Air Force football returned to practice Monday, trying to wash away a taste that is sure to linger for a while.

Saturday’s 34-25 loss at Navy, in which the Falcons lost the lead with 23 seconds remaining, isn’t just one anyone easily moves past.

“It’s tough. It really hurt,” senior defensive lineman Jake Ksiazek said. “The flight back was rough and the past couple of days have been rough, but you can’t let them beat us twice. The rest of our story is unwritten.”

Senior receiver Geraud Sanders caught three passes for 44 yards but said he took blame for a few drops that might have bolstered the Falcons’ chances.

“It’s tough as a senior to lose that game,” Sanders said. “Our seniors’ goal was to get to the White House. But as a winner, competitor and someone who wants to get better every day you’ve just got to take that next step.”

For the non-seniors, there was a sense that the loss needs be forgotten yet remembered.

“Usually you try to forget about a loss,” said junior offensive tackle Parker Ferguson, “but this one you might kind of let soak a little a bit and use it as motivation in the offseason.”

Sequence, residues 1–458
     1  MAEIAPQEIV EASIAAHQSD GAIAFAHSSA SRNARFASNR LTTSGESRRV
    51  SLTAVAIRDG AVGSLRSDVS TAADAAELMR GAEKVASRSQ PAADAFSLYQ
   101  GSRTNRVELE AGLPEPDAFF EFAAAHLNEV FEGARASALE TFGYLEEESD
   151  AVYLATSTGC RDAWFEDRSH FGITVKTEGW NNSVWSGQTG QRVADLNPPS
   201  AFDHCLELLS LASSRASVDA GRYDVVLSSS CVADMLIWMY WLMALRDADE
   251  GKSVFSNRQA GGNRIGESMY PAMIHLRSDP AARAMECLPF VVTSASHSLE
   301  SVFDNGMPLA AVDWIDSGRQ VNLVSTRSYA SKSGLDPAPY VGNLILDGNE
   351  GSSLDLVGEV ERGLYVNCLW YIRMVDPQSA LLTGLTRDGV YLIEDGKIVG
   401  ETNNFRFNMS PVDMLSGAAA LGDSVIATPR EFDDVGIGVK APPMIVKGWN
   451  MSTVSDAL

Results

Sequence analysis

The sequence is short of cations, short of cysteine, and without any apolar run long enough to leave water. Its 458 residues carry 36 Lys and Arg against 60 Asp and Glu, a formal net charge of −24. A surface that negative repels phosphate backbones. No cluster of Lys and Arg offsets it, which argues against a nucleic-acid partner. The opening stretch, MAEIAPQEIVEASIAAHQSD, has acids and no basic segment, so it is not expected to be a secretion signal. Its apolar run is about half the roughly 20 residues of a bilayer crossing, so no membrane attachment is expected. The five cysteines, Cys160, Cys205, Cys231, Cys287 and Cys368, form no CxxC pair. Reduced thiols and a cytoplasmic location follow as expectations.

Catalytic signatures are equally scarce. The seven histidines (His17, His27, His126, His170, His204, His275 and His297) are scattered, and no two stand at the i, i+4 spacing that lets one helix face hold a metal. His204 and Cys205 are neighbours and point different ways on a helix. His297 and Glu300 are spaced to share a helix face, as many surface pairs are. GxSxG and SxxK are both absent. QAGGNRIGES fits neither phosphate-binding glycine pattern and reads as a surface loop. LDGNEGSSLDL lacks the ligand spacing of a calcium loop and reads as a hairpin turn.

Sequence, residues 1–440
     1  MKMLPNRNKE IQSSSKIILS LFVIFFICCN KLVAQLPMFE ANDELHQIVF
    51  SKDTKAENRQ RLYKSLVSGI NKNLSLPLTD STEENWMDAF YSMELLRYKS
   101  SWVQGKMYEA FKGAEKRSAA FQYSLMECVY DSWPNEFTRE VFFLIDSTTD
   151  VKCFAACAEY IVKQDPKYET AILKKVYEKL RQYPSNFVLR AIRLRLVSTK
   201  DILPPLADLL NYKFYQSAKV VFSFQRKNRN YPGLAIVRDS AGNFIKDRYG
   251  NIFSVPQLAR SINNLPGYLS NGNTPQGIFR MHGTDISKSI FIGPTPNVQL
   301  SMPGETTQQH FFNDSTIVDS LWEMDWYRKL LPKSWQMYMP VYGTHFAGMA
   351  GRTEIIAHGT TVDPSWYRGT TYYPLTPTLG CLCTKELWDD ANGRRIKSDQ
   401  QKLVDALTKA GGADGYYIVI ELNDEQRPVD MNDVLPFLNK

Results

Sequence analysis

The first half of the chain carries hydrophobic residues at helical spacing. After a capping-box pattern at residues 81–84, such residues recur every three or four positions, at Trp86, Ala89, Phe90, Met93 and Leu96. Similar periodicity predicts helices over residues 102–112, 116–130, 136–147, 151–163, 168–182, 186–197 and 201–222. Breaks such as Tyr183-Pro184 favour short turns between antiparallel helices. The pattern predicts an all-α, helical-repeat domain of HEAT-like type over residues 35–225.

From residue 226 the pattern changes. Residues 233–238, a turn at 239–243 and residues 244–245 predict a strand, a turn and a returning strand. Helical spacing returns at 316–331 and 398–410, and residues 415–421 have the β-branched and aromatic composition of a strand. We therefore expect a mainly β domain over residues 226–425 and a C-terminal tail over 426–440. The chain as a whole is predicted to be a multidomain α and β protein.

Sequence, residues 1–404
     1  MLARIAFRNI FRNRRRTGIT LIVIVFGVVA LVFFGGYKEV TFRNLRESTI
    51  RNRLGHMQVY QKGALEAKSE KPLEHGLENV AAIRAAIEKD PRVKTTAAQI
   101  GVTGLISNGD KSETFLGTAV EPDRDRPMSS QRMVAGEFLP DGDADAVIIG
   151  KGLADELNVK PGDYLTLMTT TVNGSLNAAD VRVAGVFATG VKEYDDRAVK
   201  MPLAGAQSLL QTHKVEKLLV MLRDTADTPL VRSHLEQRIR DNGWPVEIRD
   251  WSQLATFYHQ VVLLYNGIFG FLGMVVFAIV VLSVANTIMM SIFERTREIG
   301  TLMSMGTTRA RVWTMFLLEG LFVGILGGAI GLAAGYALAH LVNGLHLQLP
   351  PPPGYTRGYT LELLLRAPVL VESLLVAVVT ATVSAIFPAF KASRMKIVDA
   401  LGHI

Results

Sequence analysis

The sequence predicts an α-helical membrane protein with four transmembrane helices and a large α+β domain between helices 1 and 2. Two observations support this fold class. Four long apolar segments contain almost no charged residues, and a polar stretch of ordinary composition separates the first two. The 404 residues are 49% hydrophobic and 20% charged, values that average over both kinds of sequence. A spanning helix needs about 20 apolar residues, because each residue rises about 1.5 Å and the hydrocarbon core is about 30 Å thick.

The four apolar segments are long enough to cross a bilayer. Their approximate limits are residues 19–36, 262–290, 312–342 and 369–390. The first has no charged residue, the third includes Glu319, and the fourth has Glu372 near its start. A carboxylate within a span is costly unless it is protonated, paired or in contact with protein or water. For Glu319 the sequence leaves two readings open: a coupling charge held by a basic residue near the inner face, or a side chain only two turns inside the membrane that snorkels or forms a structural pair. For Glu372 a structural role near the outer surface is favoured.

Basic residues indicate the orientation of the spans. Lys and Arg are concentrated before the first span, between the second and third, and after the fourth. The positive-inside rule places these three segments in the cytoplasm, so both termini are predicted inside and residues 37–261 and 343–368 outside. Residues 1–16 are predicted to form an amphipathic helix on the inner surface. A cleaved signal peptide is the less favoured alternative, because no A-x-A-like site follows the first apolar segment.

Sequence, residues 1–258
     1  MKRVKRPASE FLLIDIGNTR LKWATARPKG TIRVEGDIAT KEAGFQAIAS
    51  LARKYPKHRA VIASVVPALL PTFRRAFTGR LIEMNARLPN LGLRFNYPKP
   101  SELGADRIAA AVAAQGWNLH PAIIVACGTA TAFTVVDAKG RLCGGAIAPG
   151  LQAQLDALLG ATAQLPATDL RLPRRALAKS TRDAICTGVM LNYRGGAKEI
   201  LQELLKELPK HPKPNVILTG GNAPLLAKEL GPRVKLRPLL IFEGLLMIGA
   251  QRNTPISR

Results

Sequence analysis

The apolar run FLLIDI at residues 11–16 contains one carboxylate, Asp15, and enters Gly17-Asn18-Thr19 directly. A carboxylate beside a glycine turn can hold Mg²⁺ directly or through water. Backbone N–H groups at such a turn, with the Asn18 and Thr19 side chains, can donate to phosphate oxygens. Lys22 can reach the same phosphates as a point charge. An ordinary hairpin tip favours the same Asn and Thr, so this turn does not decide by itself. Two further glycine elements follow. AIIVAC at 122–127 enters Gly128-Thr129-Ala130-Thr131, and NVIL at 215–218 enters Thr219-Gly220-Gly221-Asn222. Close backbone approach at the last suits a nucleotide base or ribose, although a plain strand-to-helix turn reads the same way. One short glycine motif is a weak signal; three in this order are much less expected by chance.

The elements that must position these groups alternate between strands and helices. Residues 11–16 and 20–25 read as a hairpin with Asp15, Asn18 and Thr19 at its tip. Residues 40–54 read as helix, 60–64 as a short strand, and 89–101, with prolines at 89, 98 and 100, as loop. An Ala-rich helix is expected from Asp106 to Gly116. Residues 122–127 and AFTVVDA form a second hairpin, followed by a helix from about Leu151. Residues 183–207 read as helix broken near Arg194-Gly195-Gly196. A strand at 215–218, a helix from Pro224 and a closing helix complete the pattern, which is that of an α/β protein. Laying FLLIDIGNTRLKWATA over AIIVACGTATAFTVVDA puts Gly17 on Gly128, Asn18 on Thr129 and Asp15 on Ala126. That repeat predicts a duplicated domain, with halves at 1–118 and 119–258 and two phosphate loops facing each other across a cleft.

That’s the approach fellow junior Demonte Meeks is taking.

“We’ll definitely remember the feel as young guys,” said Meeks, who made a team-high 11 tackles in the loss. “But it’s on to the next one. But we can’t let this stop our progress.

“I’m confident in our team. I’m confident in our ability to rally.”

Yet another junior, quarterback Donald Hammond III, tried to shoulder the burden.

“this one is on me..” he tweeted early Sunday morning.

Expect Fresno State to have little sympathy Saturday when it visits Falcon Stadium.

The Bulldogs also have two disappointing losses this season — 31-23 at USC and 38-35 against Minnesota — and coach Jeff Tedford’s team is eyeing a third consecutive Mountain West West Division title.

The Bulldogs (2-2, 0-0) had an extra week to prepare for this matchup, which opens eight consecutive weeks of Mountain West games for them.

It will catch an Air Force team that, despite holding leads deep in the second half of its two losses, faces an uphill climb to get in position for a division title and is out of the running for the Commander-in-Chief’s trophy.

Those were the kinds of losses — particularly at Navy — that can knock the wind out of a team’s sails. Now, Air Force will see if it can manufacture a second wind on its own.

“Two losses in the season and we’ve still got nine games to go,” said defensive end Jordan Jackson, whose quick math would indicate Air Force is going to play in the Mountain West championship game as well as a bowl game. “We’re good.”

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